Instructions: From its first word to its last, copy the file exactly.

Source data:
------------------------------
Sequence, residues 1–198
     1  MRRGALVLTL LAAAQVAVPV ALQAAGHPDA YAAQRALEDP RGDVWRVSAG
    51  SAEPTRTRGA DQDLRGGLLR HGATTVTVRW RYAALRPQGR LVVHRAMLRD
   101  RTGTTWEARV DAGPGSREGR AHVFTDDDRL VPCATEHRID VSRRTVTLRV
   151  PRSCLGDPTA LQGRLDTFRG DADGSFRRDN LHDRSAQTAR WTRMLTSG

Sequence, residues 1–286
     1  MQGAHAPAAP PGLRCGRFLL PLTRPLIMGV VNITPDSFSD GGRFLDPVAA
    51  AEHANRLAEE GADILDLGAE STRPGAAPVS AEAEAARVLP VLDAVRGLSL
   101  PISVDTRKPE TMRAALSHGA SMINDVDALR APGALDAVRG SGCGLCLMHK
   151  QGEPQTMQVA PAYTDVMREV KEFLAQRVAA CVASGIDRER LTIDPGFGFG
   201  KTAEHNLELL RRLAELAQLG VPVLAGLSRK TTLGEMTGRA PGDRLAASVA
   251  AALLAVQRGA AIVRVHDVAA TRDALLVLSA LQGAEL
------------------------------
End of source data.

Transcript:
Sequence, residues 1–198
     1  MRRGALVLTL LAAAQVAVPV ALQAAGHPDA YAAQRALEDP RGDVWRVSAG
    51  SAEPTRTRGA DQDLRGGLLR HGATTVTVRW RYAALRPQGR LVVHRAMLRD
   101  RTGTTWEARV DAGPGSREGR AHVFTDDDRL VPCATEHRID VSRRTVTLRV
   151  PRSCLGDPTA LQGRLDTFRG DADGSFRRDN LHDRSAQTAR WTRMLTSG

Sequence, residues 1–286
     1  MQGAHAPAAP PGLRCGRFLL PLTRPLIMGV VNITPDSFSD GGRFLDPVAA
    51  AEHANRLAEE GADILDLGAE STRPGAAPVS AEAEAARVLP VLDAVRGLSL
   101  PISVDTRKPE TMRAALSHGA SMINDVDALR APGALDAVRG SGCGLCLMHK
   151  QGEPQTMQVA PAYTDVMREV KEFLAQRVAA CVASGIDRER LTIDPGFGFG
   201  KTAEHNLELL RRLAELAQLG VPVLAGLSRK TTLGEMTGRA PGDRLAASVA
   251  AALLAVQRGA AIVRVHDVAA TRDALLVLSA LQGAEL